It seems the WeWork pain is seemingly endless for Softbank. After already announcing Vision Fund losses to the tune of $14.8 billion two weeks back, the company today announced booking of an addition $9.6 billion in losses, from investments made outside of the Vision Fund. And out of that $9.6B, $6.6 billion accounts to guess who? WeWork.
The company still stands by its earlier estimate of record breaking annual operating loss at 1.35 trillion yen, which was announced earlier this month. The company has had more than just a rough year, with its $100 billion investment fund returning nothing but sour fruit. Investments into startups that failed, or are failing, caused the company’s profits to slip, way before coronavirus became a thing.
In terms of these additional losses coming to light, SoftBank said a newly recognised non-operating loss of ¥700bn on WeWork arose from the “fair value measurement” of the bailout package it had provided to the company back in 2019. The package, totaling $8Bn, included a $1.5bn cash fuel as well as $2.2bn in debt and a $1.75bn line of credit for WeWork. There was an additional $3 Billion tender offer to buy shares of founder Adam Neumann and certain investors, but it was recently rescinded by the Japanese conglomerate. WeWork has since sued Softbank for the same.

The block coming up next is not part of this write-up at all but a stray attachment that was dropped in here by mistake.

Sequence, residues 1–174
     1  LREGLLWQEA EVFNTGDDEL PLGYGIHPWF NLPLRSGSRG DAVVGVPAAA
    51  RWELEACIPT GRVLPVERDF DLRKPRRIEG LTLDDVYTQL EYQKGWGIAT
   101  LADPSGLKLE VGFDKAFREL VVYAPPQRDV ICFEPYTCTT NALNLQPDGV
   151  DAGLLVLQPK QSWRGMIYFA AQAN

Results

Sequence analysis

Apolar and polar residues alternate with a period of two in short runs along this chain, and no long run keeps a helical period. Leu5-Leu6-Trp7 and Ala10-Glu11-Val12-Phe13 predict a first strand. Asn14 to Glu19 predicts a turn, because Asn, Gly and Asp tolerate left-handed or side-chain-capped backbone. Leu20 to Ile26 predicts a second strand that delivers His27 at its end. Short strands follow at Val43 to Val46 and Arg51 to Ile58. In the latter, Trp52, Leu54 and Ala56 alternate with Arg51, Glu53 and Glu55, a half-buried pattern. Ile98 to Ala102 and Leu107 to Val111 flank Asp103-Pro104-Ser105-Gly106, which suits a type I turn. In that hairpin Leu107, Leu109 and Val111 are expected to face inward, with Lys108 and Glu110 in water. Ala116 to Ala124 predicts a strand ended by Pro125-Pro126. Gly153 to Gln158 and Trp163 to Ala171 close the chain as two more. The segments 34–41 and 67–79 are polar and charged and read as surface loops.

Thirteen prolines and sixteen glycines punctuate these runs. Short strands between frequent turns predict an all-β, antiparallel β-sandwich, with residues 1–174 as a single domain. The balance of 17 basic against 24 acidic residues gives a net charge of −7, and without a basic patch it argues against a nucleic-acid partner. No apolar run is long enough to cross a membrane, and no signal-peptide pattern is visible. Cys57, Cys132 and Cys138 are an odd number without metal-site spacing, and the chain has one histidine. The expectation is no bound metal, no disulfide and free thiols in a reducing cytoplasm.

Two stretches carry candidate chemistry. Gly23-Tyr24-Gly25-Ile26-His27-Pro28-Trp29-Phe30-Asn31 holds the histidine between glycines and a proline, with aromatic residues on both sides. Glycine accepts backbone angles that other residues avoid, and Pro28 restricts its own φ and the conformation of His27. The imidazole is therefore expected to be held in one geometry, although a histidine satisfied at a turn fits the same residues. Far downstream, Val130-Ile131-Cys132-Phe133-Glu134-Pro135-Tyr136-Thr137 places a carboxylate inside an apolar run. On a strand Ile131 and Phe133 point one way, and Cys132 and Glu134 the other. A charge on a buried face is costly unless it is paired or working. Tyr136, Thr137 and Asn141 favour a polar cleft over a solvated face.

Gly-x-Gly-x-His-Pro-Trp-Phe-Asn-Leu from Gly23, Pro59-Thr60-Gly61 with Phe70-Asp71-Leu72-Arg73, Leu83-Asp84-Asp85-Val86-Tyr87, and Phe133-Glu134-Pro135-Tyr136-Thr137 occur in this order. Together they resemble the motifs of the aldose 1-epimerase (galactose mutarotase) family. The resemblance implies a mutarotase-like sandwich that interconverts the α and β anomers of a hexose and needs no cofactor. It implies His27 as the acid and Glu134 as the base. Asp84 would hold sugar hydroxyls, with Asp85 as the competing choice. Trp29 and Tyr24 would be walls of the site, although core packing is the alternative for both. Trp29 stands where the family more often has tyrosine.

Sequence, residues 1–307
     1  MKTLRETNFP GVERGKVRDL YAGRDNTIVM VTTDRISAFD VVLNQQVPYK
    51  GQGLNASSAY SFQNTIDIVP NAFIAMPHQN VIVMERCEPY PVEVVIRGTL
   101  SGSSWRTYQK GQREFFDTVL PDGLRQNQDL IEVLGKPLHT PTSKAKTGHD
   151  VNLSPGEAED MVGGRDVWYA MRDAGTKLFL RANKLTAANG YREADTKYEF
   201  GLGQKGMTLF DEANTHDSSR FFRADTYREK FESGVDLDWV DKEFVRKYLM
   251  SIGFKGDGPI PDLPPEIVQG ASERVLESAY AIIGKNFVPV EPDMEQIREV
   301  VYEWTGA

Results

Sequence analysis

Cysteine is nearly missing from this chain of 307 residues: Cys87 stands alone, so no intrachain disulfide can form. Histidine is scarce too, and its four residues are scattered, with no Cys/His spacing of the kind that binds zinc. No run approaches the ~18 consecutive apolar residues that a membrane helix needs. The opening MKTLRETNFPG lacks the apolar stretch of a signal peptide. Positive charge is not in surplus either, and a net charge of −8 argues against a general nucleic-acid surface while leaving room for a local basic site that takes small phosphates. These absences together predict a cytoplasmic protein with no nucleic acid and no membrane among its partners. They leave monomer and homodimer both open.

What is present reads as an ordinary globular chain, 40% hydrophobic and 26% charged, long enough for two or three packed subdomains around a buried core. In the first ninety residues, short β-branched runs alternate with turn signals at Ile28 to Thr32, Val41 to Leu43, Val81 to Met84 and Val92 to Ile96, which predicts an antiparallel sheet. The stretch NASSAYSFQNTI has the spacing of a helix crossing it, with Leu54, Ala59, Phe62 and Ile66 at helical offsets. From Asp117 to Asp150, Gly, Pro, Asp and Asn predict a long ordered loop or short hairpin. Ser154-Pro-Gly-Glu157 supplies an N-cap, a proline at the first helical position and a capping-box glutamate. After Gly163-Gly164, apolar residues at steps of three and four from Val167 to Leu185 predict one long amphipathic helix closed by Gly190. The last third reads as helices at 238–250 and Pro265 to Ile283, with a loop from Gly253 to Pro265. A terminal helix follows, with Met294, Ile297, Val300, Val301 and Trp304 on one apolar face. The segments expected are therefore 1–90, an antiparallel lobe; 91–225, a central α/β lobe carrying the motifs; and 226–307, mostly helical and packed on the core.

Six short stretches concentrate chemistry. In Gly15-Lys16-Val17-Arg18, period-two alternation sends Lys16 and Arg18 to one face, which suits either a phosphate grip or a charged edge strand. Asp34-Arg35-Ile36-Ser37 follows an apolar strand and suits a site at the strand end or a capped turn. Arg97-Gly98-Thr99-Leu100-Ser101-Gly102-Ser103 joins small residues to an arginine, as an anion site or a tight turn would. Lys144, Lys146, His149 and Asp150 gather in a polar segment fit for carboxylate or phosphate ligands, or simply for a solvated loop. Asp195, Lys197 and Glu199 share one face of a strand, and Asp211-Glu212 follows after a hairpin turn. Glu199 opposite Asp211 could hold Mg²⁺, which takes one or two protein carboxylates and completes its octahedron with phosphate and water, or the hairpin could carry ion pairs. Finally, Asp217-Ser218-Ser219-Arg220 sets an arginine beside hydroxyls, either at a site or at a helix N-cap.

The company had already poured in a whopping $13.5 billion in the office sharing startup, which was already dying. COVID 19 did it no favors, and made the slowdown even more vigorous.
Softbank’s Masayoshi Son has been, for the past couple of years or so, putting around billion of dollars globally, in what many have termed extremely risky early-stage bets. Some examples of those multi-billion dollar failures include coworking startup WeWork (whose IPO failed miserably, along with gross corruption within the company) and the satellite company OneWeb (recently announced bankruptcy). Softbank’s other bets, like the one in India’s Oyo, aren’t looking too good either. Uber, where Softbank invested heavily, has failed to rise over its IPO subscription price, even once.
Investors however remained largely undeterred with the announcement. Shares in SoftBank rose as much as 3.6 per cent on Thursday to ¥4,775 despite the additional losses. But that is largely because investors have already written off the value of WeWork investment.